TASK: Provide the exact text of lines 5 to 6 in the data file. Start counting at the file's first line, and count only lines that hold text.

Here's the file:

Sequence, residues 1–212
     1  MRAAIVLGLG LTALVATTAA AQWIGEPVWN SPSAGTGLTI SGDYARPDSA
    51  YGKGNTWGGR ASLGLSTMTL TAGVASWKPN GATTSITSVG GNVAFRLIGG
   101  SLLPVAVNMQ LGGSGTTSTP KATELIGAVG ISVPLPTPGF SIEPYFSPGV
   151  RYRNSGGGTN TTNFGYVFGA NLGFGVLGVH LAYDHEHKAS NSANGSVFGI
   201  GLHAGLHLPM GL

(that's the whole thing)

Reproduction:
   151  RYRNSGGGTN TTNFGYVFGA NLGFGVLGVH LAYDHEHKAS NSANGSVFGI
   201  GLHAGLHLPM GL